Almost half of depressed people are teenagers. Teens having major depression often encounter failure in sharing their feelings and issues with someone. They might not have that comfort zone with either of their family or friends or it could be the people around them who aren’t much aware of depression in teens. Sharing those anxious feelings with parents isn’t easy sometimes it’s embarrassing or might not be very severe as much as a person thinks it would be. But asking help from parents is the most appropriate approach as they would be the closest in a person’s life as well as they are mature enough to understand the situation and help them dealing with it.
How To Tell Your Parents You Have Depression?
Once a person recognized some major symptoms of depression it would be best to seek out someone’s help and parents would be the most appropriate ones to approach for help and support.
- Explain your feelings and share the issues associated with your depression. Share what’s bothering you and how did it impede or hinder your daily tasks and activities. Whether it would be something bothering you in school, college, any relationship, job, or just a life event that’s triggering the stress and depressive state, speak out everything in front of your parents.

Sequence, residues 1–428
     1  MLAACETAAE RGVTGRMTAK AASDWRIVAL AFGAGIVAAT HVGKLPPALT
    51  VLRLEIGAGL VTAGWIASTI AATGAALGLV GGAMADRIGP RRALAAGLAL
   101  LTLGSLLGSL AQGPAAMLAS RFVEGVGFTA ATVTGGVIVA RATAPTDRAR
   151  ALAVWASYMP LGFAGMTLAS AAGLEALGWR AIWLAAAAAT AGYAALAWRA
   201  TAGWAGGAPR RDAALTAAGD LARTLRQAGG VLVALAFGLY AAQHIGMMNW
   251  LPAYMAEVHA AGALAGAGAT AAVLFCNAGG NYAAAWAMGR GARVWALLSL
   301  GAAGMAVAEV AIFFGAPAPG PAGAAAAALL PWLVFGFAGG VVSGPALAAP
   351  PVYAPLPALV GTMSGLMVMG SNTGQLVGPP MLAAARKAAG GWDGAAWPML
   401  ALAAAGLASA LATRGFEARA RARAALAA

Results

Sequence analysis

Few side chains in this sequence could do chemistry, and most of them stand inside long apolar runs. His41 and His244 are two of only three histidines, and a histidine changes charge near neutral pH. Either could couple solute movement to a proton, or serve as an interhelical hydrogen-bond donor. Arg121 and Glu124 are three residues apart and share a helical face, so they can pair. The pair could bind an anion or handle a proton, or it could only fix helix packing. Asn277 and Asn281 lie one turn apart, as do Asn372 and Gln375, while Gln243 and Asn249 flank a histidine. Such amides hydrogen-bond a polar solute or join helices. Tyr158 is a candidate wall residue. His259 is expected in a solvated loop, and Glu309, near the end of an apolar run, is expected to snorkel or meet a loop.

- Ask for your parent’s help. Explain and confess your situation and struggles and ask for their help in that condition. Even if you think you would need any professional help ask them to fix an appointment with a professional or doctor.
- Describe your struggles with depression. Explain your parents regarding the daily tasks that were affected or linked with your stress. If you have faced any failure or serious damage due to depression share that as well. If you have struggled while sleeping, doing tasks, going out, talking to people, hopelessness, and helplessness, fatigue, body aches, or anything else, just share every symptom with your parents while explaining them. So that your parents would better understand the situation and make their best efforts to help you.
- The sooner, the better. Don’t wait for the situation to worsen and leads to some serious outcomes. Share your situation at the early stages so that they would help you coping with that depressive episodes as soon as possible.
- If speaking and face to face conversations seem difficult, write a letter or note to convey your message. Write everything down about the state, feelings, and outcomes. Send a message or just write on paper whatever way feels comfortable and easy.
- While you are sharing your condition, that would probably lead a few questions or concerns in your parents’ minds as well. Try to answer their concerns and questions appropriately so that they would analyze the situation properly and would suggest or help you accordingly.
- Don’t argue if your parents react badly or ask a few more details about something specific. Remember panicking could trigger the depressive state and stress and would even make it difficult for your parents to help you.